‘We’ve talked about it more with consultants this time round,’ she says. ‘There’s definitely a growing feeling of “we’re all in this together”.’
Dr Nicholson-Lailey appreciates the importance of rest and recovery. ‘The NHS is exhausted,’ she says. ‘But once I’m on the picket line it’s really energising to stand side-by-side with colleagues.
‘The public support helps us keep going. It’s reassuring that the public and our colleagues are on our side in this dispute against the government when we’re in it for the long-haul.’
At Sheffield Children’s Hospital, paediatrics trainees received plentiful waves, shouts and beeps from the passing public.
Tim Murray, an ST4 in paediatrics, said he feels ‘tired and fed up’ at work but that doctors are ‘determined to keep going’ in the fight for pay restoration. That has been made ‘easier’ this time round by the support of consultant colleagues preparing to strike.
At Netherthorpe House, part of Sheffield Health and Social Care NHS Foundation Trust, junior doctors had an array of homemade placards as music played from a speaker to keep up momentum.
Camellia Yousefpour, a core trainee 1 in psychiatry, reiterated that the dispute is with the Government, not the trust, at which she said there is a ‘very supportive’ attitude towards industrial action.
She said colleagues are ‘tired’ but ‘want to keep going’ – with pickets planned Thursday, Friday and Monday. ‘Coming to the picket line fills us with energy,’ adds Dr Yousefpour.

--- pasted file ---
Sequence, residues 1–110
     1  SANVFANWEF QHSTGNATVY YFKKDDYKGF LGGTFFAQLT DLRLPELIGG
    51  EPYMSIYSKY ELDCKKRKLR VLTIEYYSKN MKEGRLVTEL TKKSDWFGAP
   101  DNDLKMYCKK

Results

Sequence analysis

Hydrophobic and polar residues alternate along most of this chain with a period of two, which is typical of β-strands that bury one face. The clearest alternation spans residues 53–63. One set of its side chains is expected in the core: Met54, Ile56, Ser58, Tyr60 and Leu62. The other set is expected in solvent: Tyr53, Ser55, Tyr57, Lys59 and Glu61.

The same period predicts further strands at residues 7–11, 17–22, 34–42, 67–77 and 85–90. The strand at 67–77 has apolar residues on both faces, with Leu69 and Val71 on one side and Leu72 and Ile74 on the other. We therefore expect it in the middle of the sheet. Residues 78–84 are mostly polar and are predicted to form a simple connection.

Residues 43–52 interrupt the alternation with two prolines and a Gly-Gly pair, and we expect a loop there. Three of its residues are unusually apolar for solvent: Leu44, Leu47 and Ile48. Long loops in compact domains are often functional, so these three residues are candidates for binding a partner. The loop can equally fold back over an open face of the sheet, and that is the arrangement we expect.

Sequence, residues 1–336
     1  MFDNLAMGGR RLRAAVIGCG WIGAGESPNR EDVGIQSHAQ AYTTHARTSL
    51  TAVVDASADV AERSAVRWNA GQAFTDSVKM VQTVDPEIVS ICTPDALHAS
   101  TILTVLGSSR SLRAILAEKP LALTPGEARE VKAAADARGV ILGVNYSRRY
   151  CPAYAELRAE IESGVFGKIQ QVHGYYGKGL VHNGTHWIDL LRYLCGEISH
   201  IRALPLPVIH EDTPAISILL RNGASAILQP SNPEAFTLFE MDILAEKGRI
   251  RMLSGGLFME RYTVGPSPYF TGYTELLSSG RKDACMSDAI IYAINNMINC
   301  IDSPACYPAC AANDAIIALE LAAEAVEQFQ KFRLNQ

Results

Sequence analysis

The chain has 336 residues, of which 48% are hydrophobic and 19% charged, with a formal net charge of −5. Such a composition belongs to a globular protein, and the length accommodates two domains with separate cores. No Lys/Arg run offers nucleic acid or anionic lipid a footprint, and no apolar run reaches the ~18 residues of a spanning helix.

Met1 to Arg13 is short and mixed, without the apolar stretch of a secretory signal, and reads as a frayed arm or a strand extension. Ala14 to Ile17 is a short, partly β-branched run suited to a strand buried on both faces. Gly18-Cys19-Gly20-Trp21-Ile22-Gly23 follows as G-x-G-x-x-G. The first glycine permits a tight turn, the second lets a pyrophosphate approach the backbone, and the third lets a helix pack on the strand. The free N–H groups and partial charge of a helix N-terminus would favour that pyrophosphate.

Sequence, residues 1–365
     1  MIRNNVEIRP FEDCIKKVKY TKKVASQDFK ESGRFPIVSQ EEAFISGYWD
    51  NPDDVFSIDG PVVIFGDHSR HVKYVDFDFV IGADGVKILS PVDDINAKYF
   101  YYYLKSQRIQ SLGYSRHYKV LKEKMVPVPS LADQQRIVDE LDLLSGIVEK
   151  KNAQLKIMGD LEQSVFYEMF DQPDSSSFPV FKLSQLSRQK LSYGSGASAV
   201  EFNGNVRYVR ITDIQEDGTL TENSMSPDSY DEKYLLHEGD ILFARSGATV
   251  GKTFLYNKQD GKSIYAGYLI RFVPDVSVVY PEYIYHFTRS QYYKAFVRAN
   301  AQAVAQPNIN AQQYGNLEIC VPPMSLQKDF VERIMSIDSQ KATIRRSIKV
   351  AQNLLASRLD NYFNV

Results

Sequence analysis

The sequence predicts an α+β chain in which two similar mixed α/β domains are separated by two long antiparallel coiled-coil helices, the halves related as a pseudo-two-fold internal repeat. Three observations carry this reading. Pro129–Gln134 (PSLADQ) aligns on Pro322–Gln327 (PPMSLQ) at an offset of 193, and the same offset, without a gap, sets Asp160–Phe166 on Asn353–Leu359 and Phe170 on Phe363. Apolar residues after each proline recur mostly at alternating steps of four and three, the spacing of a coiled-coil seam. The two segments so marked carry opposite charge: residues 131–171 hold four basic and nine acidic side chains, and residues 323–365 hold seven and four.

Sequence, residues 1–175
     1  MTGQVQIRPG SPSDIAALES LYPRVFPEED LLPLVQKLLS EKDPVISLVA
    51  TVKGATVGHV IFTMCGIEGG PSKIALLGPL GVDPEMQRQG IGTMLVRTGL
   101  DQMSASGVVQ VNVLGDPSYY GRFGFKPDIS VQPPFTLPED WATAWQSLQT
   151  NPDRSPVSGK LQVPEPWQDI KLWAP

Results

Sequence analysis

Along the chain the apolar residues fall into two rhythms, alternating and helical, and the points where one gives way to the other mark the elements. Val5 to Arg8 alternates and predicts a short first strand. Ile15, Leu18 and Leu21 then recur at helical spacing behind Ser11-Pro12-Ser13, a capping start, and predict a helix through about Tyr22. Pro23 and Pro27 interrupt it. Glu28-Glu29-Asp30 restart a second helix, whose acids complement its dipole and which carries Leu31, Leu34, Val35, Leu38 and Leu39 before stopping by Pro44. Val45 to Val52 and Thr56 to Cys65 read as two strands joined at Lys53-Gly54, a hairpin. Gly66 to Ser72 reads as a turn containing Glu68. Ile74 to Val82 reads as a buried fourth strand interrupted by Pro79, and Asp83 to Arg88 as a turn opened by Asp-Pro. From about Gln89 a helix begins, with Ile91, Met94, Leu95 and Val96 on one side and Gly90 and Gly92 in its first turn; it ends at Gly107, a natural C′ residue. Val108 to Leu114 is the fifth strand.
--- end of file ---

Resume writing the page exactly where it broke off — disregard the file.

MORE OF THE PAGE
Joe MacDonnell, a CT3 in psychiatry, said ‘consistent’ support from consultants, before and since they voted to strike themselves, as well as medical educators, has helped maintain momentum.
He says an existing junior doctor committee at the trust has become stronger as a result of industrial action, and expects that sense of camaraderie to continue once the pay dispute is over.
Some members of the group have organised a walk as part of the rest and recovery initiative in the five-day walkout.
Danny Pennells, an ST6 in geriatric medicine at Sheffield Teaching Hospitals, contrasts the current situation to the ‘strike fatigue’ he saw in the 2016 junior doctors dispute.
‘It’s much more organised this time,’ he said. ‘Part of that is that there is one clear message [pay restoration] instead of contract negotiations with many different aspects. It doesn’t feel like an insurmountable challenge.
‘That sense that we’re all on the same side of this is more palpable than it was before.’
Dr Pennells said the lack of attention given to pay restoration in the government’s recently-announced, and long-overdue, NHS workforce plan, will only encourage more doctors to leave despite the plan’s pledge of a ‘renewed focus on retention’.
‘I’ve got F1s considering if they want to be doctors or not,’ he added. ‘They look at people like me, and consultants, and can see how exhausted we are.
‘It’s always been hard, and I love my job, but it’s so much harder than it needs to be when we’re doing two or three people’s jobs.
‘When you go on strike, the workload doesn’t go away, it’s just delayed. When you go back you know you have to work even harder.’
Dr Pennells is not far from becoming a consultant, so is unlikely to reap the benefits of any long-term wins in the current dispute – but he does not believe the NHS will survive in its current form if junior doctors continue to leave in their droves.
‘That shows how important this is,’ he said. ‘We’re doing this because we see colleagues struggling, and leaving. The only way to solve that is showing that we value our staff.
‘So much of the NHS is run on goodwill – that’s not new, and we’re not saying we’re not going to show goodwill anymore – but the reserves we have to draw that extra strain and pressure from have been exhausted from COVID as well as death by a thousand cuts.
‘I want people to be inspired and happy to go to work. The public service aspect of working in the NHS is wonderful, but you can’t look after other people if you aren’t right yourself.’